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Nine Techniques for CSS Image Replacement

Published by Chris Coyier

CSS image replacement is a technique of replacing a text element (usually a header tag) with an image. An example of this would be including a logo on a page. You may want to use a <h1> tag and text for this for the accessibility and SEO benefits, but ideally you'd like to show your logo, not text.

Update (March 14, 2012). I've created a new page that now covers more image replacement techniques, including the more recent Scott Kellum Method and the HTML5BP Method. I'm calling it the CSS Image Replacement Museum.

Note that some of these techniques are very old. Web design in the early 2000's was a lot different than it is now, but there was still much thought being put into accessibility. Because of that, most of these techniques still hold up today. It is still very interesting to see all the thought and problem solving that was put into this. Also note that I tested all these FF2, Opera 9, Safari 3, and IE 6 and they all behaved identically (hard to believe, I know).

The report card consists of five major categories:

  • CSS ON / Images ON
    Represents browsers in their normal states. All techniques should pass this test, since that's the whole point.
  • CSS ON / Images OFF
    Represents browsing with regular stylesheets applied but images turned off. This is rare but a possibility (folks with bandwidth concerns...) This is the most difficult test. Since most of these techniques go to various lengths to hide text, when the images are turned off that means that nothing is displayed which ain't good. Displaying text only here is considered a pass.
  • CSS OFF / Images ON
    Represents browsing with no stylesheets being applied. Most techniques default to regular web text here which isn't exactly a fail, but since images may still be turned on, I don't consider it a pass either.
  • CSS OFF / Images OFF
    Represents browsing with both images turned off and no stylesheets applied. Defaulting to text here is considered a pass.
  • Extra Unnecessary Markup
    Having to add markup for the sole purpose of image replacement is not ideal. Does not achieve true separation from content and design.

Technique #1

<h1 id="technique-one">
  <span>CSS-Tricks</span>
</h1>
h1#technique-one {
  width: 250px;
  height: 25px;
  background-image: url(logo.gif);
}
h1#technique-one span {
  display: none;
}

report-card-1.png

More information: This technique is referred to as FIR or "Fahrner Image Replacement". Much has been written about this including an A List Apart article about it's problems with accessibility as well as an article from David Shea defending it. The premise here is to use a span to wrap the text inside the header and use that span to hide the text. It works, but using display: none will hide the text from screen readers (and presumably search bots, not good).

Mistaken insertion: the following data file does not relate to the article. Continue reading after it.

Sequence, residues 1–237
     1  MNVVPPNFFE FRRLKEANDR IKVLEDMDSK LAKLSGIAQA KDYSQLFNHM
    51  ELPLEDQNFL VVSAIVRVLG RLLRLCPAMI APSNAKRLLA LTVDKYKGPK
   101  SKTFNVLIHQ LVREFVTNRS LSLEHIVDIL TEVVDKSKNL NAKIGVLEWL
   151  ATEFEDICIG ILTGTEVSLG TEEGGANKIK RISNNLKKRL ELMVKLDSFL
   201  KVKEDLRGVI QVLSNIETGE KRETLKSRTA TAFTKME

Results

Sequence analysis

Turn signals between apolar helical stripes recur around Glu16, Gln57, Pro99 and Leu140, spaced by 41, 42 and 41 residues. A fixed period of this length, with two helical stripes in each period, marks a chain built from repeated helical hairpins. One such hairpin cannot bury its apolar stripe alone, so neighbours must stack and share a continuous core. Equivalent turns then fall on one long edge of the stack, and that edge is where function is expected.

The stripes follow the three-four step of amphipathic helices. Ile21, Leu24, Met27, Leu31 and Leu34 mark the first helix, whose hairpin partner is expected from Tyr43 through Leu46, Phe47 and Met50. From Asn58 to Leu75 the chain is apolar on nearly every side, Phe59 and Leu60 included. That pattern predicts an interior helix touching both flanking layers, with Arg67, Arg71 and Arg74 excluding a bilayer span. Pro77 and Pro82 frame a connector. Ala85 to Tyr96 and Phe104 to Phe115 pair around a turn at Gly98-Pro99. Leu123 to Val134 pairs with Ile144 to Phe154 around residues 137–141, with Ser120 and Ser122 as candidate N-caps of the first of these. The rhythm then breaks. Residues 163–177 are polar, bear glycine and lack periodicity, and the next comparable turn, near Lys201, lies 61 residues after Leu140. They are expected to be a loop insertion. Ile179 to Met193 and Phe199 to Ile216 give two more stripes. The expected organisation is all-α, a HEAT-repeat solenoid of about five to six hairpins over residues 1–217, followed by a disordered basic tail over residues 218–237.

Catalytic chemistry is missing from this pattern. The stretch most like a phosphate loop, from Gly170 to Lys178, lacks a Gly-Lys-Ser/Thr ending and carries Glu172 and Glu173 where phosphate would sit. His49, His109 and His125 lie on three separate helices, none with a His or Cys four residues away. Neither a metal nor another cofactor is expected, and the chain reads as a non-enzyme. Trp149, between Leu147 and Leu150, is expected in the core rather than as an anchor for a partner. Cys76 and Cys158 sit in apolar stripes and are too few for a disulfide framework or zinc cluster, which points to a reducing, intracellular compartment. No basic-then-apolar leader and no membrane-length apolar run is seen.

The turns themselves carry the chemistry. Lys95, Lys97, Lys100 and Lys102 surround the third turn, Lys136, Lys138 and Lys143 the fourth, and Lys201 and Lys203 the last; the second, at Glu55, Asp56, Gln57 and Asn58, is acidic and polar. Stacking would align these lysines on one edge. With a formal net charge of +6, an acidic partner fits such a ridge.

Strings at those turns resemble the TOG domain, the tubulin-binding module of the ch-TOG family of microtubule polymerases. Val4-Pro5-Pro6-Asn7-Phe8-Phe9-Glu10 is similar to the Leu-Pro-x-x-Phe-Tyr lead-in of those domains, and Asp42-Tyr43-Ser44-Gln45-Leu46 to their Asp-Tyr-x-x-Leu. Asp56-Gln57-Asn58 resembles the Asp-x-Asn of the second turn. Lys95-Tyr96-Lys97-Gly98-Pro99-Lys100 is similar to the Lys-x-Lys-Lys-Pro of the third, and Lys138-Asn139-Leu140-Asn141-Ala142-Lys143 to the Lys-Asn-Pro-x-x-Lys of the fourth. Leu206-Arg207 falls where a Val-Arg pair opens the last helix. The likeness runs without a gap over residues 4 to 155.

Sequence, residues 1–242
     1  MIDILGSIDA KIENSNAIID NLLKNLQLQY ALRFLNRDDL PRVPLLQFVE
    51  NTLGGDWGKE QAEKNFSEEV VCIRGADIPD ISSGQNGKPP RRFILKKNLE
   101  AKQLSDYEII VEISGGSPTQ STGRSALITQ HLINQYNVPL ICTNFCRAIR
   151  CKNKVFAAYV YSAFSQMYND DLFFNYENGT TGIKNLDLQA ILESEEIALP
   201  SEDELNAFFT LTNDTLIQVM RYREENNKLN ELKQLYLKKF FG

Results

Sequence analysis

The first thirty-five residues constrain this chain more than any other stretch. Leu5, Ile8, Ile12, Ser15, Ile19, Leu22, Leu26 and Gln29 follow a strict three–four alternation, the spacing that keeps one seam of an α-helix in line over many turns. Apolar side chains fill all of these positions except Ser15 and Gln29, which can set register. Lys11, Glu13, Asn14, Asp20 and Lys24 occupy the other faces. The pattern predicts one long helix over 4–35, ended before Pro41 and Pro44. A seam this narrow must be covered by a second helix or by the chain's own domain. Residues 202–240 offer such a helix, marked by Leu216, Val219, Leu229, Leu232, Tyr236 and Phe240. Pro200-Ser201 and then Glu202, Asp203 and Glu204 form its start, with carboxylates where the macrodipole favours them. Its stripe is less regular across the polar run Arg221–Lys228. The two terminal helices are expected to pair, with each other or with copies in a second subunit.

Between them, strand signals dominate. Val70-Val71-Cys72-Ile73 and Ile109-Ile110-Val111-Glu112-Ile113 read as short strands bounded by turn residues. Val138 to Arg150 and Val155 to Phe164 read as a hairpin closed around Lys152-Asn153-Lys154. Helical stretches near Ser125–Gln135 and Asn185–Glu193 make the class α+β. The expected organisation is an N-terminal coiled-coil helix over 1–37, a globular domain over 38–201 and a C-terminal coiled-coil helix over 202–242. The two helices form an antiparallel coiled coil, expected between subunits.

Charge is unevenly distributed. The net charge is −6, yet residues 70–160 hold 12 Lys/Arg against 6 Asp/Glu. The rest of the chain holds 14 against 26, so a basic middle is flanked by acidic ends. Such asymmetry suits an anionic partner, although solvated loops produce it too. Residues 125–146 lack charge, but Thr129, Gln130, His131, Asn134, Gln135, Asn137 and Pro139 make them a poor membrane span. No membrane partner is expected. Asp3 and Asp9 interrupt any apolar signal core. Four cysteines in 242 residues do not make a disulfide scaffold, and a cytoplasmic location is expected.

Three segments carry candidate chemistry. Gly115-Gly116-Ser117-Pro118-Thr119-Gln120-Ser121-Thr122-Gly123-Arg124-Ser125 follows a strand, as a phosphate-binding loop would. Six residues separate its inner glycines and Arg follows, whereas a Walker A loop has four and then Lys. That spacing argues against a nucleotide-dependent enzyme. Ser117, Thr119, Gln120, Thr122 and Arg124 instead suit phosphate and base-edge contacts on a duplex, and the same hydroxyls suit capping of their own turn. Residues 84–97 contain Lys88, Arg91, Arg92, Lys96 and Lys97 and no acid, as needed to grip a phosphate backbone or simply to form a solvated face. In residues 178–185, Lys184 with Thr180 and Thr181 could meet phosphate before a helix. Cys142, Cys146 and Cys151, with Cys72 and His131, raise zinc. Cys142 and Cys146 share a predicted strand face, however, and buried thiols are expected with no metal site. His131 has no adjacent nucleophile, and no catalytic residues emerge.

Technique #2

<h1 class="technique-two">
  CSS-Tricks
</h1>
h1.technique-two {
  width: 2350px; height: 75px;
  background: url("images/header-image.jpg") top right;
  margin: 0 0 0 -2000px;
}

report-card-2.png

More information: Radu Darvas is credited with this technique. Basically this technique creates a giant box that goes way off the screen to the left. The text, being left-justified, cannot be seen. The image is placed in the top left of this box. It works, but it has the common problem of failing with CSS ON / Images OFF. I can also see this giant box thing being a problem in more complex layouts, besides being just generally less efficient than some other techniques.

Technique #3

<h1 class="technique-three">
  CSS-Tricks
</h1>
h1.technique-three {
  width: 350px; 
  height: 75px;
  background: url("images/header-image.jpg");
  text-indent: -9999px;
}

report-card-3.png

More information: This technique is credited to Mike Rundle and referred to as the Phark Method. This is probably the most widely used technique today. At the time of this writing, it is certainly the one I use most often. There is even a T-Shirt based on this one (2nd up from the bottom. The premise is deliciously simple: replace block with background image, kick text off page with indent. It's effective and keeps screen readers happy. It only fails the elusive CSS ON / Images OFF issue. A variation on this technique is to use negative letter spacing instead, which purports to resolve problems with triggering huge unwanted scrollbars in some browsers.

Technique #4

<h1 class="technique-four">
  <a href="#">
    <img src="images/header-image.jpg" alt="CSS-Tricks" />
  </a>
</h1>
h1.technique-four {
	width: 350px; height: 75px;
	background: url("images/header-image.jpg");
	text-indent: -9999px;
}

report-card-4.png